Jodi, I share your pain! A few teachers that I know (3rd grade) have their own blog. Every morning the teacher will log in to the blog, post a question and then the students will post during the day. The teacher has given the students a number and they use that number to identify their posts. I don't know if that's any help.
I think the heart of this question is based on the Children's Online Privacy Protection Act (COPPA). When this law was passed, it set up the requirement of age 13 for children's privacy. The basis of this seems to be based on marketing. I think many sites are therefore quite strict to avoid the possibility of being charged with violation of COPPA. I'm curious in learning how many schools and districts have developed a password protected site that allows student blogging, wikis, etc.
I'm sure you are right about COPPA and also the CIPA requirement for schools and libraries. (Children's Internet Protection Act.) But I had never really noticed the discrepancy before. If Google Docs has this in their user agreement, yet recommends it for use with younger children, it does seem as though they are just giving lip service to the requirements- covering themselves legally, but really ignoring it.
Am I reading this right?
It might be that Google does not perceive a discrepancy if they make you agree to be 13 to use the Docs, but teachers are recommended to use Presentation- as it using it to make presentations in their teaching, which they would see as quite different from allowing or encouraging their students younger than 13 to use it.
I agree, this is quite confusing!
I've not seen the "Promotion of Google Docs" for youth. I often read the TOS (Terms of Service) just to see what different sites / programs require. The TOS is what you are required to "check" that you agree to their terms of service. (If you want to have fun sometime - read the TOS when you next install software .) I find the following to be very interesting in the Google TOS - to sign up for a gmail account:
2.3 You may not use the Services and may not accept the Terms if (a) you are not of legal age to form a binding contract with Google, or (b) you are a person barred from receiving the Services under the laws of the United States or other countries including the country in which you are resident or from which you use the Services.
NOTE ... it does not indicate what the "legal age to form a binding contract with Google" is. Does this imply you must just meet the COPPA requirement of age 13? Or - as another teacher asked Does this mean you cannot sign up for a Google account unless you are age 18?
You're absolutely right. Yesterday I tried creating a Google account and put my age as 10. It returned a one-line response (you must meet certain age requirements) with a link to the Children's Online Privacy Protection Act (http://www.ftc.gov/privacy/privacyinitiatives/childrens.html).
Customer acknowledges and agrees that it is solely responsible for compliance with the Children's Online Privacy Protection Act of 1998, including, but not limited to, obtaining parental consent concerning collection of students' personal information used in connection with the provisioning and use of the Services by the Customer and End Users. (http://www.google.com/apps/intl/en/terms/education_terms.html)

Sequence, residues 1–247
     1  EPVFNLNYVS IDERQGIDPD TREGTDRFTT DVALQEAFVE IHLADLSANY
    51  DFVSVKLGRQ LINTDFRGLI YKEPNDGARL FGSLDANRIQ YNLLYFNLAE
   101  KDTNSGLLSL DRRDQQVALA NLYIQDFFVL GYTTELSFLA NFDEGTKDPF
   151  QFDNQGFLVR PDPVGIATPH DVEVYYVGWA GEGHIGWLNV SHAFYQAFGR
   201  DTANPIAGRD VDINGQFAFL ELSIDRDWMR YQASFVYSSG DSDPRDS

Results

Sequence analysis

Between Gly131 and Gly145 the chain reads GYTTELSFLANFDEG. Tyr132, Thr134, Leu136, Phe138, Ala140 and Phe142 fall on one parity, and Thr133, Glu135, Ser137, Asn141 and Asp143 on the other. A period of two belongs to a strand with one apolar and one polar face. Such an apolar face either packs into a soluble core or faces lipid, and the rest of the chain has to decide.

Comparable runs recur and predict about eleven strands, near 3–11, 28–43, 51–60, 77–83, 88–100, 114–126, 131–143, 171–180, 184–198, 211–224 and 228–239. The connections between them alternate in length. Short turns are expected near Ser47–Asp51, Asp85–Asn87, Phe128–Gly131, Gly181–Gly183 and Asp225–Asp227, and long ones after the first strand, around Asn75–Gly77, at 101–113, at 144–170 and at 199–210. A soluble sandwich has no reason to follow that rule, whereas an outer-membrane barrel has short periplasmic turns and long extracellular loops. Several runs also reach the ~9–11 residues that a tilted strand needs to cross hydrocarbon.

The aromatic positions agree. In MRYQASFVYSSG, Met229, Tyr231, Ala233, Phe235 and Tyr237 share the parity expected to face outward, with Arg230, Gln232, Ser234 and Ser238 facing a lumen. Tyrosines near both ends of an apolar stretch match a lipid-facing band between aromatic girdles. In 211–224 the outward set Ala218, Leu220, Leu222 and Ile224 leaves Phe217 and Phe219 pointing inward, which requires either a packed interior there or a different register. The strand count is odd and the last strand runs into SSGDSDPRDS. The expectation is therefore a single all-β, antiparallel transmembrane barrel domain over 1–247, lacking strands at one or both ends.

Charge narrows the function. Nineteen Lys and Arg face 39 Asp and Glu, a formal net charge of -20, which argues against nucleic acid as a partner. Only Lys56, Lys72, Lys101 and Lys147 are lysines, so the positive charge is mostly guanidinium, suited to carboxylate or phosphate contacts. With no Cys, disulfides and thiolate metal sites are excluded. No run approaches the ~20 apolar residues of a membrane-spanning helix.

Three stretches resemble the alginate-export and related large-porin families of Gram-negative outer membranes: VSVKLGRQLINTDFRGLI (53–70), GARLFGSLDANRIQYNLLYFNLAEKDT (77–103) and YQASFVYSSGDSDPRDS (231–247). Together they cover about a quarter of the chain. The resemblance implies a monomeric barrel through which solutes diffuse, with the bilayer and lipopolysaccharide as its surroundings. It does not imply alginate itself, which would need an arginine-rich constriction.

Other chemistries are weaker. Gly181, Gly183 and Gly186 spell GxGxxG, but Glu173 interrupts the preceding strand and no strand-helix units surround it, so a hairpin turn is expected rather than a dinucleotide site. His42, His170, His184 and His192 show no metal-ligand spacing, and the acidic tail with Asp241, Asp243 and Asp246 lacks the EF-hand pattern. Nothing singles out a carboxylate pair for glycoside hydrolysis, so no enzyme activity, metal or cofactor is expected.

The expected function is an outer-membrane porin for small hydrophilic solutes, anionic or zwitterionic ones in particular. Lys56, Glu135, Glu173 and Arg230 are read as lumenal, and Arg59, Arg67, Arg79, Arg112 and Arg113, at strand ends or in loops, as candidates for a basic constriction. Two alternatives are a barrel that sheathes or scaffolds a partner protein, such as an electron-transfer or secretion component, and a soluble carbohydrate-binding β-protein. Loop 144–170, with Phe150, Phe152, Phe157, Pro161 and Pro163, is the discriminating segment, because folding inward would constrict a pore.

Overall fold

It's free right now, but looks like Google will be charging for it in the future.
But still...I'm finding so few web 2.0 tools that can legally be used by elementary students directly. I'm just wondering if teachers are just finding a way around those requirements (e.g., signing up for their students and providing the login information to them) or, like Glen suggests, just bringing some of these tools in-house within a password-protected school environment. I imagine it's pretty confusing to individual teachers who are just trying to get some collaboration going in their classrooms.
Judi- I think that this is why many districts like using a Learning Management System like Moodle or Blackboard so they can have everything in a secure environment. In addition - I was having a discussion with Shell regarding the different Web 2.0 sites and not all of them are age appropriate because of content that can be submitted by others. I imagine this is where the teacher creates her account and they use things as a whole class instead of individual students accessing information.
Great discussion! I wonder what other solutions are out there.
My school has moved to a Moodle environment. There are many options we can do behind the "password protection" of the site. While I like many of the web 2.0 tools - and use them regularly, there are problems in how others may use the sites. I, for example, direct my students to the "create" section of Wordle instead of going to the main site. I never know what kinds of Wordles might be visible on the main page and must protect my students when possible. It would be incredible if teachers could "embed" such web 2.0 tools in a Moodle or Blackboard environment for students to use within the "safety guidelines."
Is there anyone who has found a way to embed and use any web 2.0 tools in either Moodle or Blackboard?